As on Twitter, users can follow other users, whose posts appear in a chronological stream on a central home page known as the dashboard. Users can indicate that they like an item by clicking on a red heart next to it or “reblogging” it.
One of the big differences between Tumblr and Twitter is that Tumblr does not display how many followers a user has, said David Karp, Tumblr’s 24-year-old founder and chief executive.
“Who is following you isn’t that important,” he said. “It’s not about getting to the 10,000-follower count. It’s less about broadcasting to an audience and more about communicating with a community.”
Moreover, he said, the site was designed with creative expression in mind.
“People are creating identities and personalities that Facebook and Twitter are not designed to allow you to do,” he said.
Since Tumblr is currying favor among a young crowd, it could prove valuable for traditional companies and media outlets that are trying to build a relationship with that audience. And those companies are no doubt aiming to win points by being early adopters of a site that is on the rise.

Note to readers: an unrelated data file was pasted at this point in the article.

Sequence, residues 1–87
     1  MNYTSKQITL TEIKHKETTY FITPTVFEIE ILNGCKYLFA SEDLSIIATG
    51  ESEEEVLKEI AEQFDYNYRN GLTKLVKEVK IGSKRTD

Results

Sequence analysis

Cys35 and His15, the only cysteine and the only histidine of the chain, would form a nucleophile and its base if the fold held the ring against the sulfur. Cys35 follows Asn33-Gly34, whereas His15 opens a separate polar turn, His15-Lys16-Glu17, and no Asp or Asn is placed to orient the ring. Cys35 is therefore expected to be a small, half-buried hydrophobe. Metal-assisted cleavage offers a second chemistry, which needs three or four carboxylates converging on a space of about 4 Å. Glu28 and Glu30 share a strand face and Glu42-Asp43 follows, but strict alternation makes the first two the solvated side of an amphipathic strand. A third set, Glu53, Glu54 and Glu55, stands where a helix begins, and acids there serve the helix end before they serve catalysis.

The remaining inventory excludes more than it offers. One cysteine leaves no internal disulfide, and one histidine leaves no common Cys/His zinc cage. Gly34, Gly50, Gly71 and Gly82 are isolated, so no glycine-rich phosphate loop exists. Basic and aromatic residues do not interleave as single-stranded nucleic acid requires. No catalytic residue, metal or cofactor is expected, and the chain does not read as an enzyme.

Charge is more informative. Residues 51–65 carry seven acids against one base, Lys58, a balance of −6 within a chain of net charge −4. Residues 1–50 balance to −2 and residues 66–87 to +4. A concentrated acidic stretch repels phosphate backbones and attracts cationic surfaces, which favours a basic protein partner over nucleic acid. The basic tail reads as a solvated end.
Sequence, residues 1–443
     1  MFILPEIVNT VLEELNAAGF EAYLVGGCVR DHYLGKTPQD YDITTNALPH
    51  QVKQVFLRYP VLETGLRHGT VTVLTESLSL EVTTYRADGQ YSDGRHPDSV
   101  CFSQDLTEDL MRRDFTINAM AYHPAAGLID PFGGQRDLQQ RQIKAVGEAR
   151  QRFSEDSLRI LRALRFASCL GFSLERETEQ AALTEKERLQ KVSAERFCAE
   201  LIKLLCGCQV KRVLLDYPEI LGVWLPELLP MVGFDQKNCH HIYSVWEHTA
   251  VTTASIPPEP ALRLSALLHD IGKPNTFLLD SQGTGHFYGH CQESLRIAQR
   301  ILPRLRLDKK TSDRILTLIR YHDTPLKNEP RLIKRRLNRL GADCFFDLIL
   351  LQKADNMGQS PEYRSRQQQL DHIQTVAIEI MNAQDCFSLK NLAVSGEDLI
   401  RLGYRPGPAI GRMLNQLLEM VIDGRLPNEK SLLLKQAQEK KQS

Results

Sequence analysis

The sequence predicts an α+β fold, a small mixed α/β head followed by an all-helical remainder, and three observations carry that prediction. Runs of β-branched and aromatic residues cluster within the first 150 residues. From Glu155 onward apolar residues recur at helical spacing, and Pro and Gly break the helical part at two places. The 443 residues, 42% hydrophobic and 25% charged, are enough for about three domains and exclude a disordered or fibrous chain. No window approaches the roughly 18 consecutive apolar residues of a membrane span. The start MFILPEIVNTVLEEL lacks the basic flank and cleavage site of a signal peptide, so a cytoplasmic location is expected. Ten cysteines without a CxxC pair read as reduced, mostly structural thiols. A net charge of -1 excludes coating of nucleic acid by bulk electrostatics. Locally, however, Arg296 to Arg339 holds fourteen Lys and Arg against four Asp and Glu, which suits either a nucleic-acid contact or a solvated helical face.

Tumblr is still dwarfed by Facebook and Twitter, which each have hundreds of millions of users and can be significant sources of traffic for online publishers.
Mr. Coatney estimated that posting links and notes to the Newsweek Twitter feed and Facebook page sent roughly 200,000 to 300,000 readers to Newsweek’s Web site each day. By comparison, Tumblr sent closer to 1,000.
But Tumblr is growing quickly. It says it is adding 25,000 new accounts daily, and each month it serves up 1.5 billion page views.
Items posted on Tumblr can also ripple out to far-flung corners of the Web.
When The New Yorker posted the Escher-inspired oil-spill-themed cover for its July 5 issue on its Tumblr page, it drew many links from other sites.
Alexa Cassanos, director of public relations for The New Yorker, which began using the service in late May, said the cover resonated in unlikely places, like the news aggregator Reddit.